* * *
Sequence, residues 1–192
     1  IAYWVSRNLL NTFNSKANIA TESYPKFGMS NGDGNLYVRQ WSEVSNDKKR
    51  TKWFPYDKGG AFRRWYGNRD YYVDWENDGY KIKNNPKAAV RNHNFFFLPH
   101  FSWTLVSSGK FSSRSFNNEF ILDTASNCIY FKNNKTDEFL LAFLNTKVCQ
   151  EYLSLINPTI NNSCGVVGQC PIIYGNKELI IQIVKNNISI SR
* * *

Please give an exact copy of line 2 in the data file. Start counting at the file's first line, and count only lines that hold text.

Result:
     1  IAYWVSRNLL NTFNSKANIA TESYPKFGMS NGDGNLYVRQ WSEVSNDKKR